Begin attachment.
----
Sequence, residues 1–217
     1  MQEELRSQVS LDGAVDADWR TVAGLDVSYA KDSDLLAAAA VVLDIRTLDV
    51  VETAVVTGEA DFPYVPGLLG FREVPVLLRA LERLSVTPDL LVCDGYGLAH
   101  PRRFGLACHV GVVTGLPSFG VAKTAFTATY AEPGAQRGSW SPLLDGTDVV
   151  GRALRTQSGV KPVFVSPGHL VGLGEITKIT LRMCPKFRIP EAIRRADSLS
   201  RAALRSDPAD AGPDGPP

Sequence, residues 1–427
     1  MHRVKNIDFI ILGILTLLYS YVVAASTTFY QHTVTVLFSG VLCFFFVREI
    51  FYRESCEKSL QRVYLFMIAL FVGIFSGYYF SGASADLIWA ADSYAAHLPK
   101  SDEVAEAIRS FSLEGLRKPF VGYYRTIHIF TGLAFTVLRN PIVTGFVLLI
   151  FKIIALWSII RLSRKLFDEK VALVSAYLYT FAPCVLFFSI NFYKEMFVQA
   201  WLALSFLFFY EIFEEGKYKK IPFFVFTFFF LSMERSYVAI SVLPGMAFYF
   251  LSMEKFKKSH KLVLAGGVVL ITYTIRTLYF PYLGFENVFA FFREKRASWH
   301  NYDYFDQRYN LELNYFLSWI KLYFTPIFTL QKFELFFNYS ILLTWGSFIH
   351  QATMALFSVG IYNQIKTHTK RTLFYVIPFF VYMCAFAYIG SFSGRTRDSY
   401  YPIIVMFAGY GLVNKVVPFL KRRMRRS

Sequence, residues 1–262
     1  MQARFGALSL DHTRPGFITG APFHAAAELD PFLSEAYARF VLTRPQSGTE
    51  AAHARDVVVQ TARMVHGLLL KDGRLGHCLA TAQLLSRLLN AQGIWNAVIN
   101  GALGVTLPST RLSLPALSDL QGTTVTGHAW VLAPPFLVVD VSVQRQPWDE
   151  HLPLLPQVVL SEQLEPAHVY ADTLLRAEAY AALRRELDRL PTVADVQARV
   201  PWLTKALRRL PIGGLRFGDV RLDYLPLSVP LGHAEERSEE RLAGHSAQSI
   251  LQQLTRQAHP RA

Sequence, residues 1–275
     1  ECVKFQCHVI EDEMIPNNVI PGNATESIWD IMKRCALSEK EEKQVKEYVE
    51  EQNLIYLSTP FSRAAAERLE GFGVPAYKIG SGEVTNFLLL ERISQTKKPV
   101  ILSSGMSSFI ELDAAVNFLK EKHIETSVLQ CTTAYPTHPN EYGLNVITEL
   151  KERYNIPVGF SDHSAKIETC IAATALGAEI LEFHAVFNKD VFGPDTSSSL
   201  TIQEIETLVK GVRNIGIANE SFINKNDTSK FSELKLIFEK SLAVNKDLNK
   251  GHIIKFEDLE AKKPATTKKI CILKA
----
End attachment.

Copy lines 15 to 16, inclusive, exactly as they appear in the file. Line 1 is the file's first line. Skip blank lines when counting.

   351  QATMALFSVG IYNQIKTHTK RTLFYVIPFF VYMCAFAYIG SFSGRTRDSY
   401  YPIIVMFAGY GLVNKVVPFL KRRMRRS